SchoolhouseTeachers.com is a subscription-based homeschool resource site.
One small monthly fee gives you access to an eclectic collection of content and educational helps, including:
- various courses in mixed formats
- downloadable planners
- streaming media
- free access to the World Book ebook Library
- lots of supplemental extras
To help you implement the various components, you will also have access to: parent courses, lesson plans, completion certificates, and even a customizable schedule builder.
What can I find on SchoolhouseTeachers?
At first glance, the site is a little overwhelming. There’s a little bit of everything, from Daily Grammar to Essay Writing 101, from First Grade Math to Algebra 2, from Bible Stories for Kids to Apologetics: Creation vs. Evolution, and so on.
As a parent with a high schooler, I find that there tend to be more websites aimed at kids in the K-8 range, so I was particularly interested in looking at SchoolhouseTeachers’ high school offerings. I was pleasantly surprised to see so many, including a full pdf-based biology course and a full video-based advanced chemistry course with downloadable textbook.
There are courses and educational content for just about every age group and subject, including art, music, language arts, math, science, Bible, history, drama, foreign languages, unit studies, etc. There are even courses and workshops for you, the parent, on topics such as parenting, special needs kids, teaching math, and more.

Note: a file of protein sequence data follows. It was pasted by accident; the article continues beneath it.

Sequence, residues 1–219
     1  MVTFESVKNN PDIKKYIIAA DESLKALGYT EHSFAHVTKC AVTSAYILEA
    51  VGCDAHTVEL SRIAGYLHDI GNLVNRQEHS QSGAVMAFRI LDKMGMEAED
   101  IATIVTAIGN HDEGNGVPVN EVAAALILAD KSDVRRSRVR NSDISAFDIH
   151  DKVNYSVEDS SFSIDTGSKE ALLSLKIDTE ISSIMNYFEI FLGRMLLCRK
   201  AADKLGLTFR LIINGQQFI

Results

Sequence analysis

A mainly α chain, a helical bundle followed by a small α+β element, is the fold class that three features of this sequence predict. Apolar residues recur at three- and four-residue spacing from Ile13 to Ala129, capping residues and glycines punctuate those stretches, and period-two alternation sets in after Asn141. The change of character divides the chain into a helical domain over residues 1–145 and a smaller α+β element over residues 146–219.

Course format varies widely, from downloadable pdf to power points, to streaming video, to hybrids that combine multiple formats, but there are no live components. Most courses have some sort of printable component that can be added to a portfolio to show work completed, whether it be a checklist, worksheets, or other printable assignments. Some courses are fully housed at SchoolhouseTeachers and others require logging into an additional site (more on that in a bit). All courses are at your own pace and are to be graded by you, the parent.
Just as the format varies considerably, so do the teachers and the quality of the materials presented. Some courses are “full courses,” meaning that you don’t really need to add anything to them, but most of them are what I would call supplemental. They might be fun extras for a study you are already doing or inspire a brand new study that you might add library materials and additional online resources to.
Streaming Educational Content
Your subscription to SchoolhouseTeachers includes some high quality streaming content that they have licensed from other providers. We particularly like the looks of Drive Thru History: American History, Drive Thru History: Ancient History, and Stevie’s Trek to the Holy Land. These are great supplemental resources that you can play on you computer or mobile device. I love the fact that they tell you the date that their license expires on each streaming product---that way if they are unable to renew for some reason, you don’t get an ugly, last minute surprise in the middle of the school year:
SchoolhouseTeachers.com is a Christian Homeschool Site
Many of the instructors who have written or produced materials for this site are both experts in the area they are teaching in and Christian homeschool parents themselves.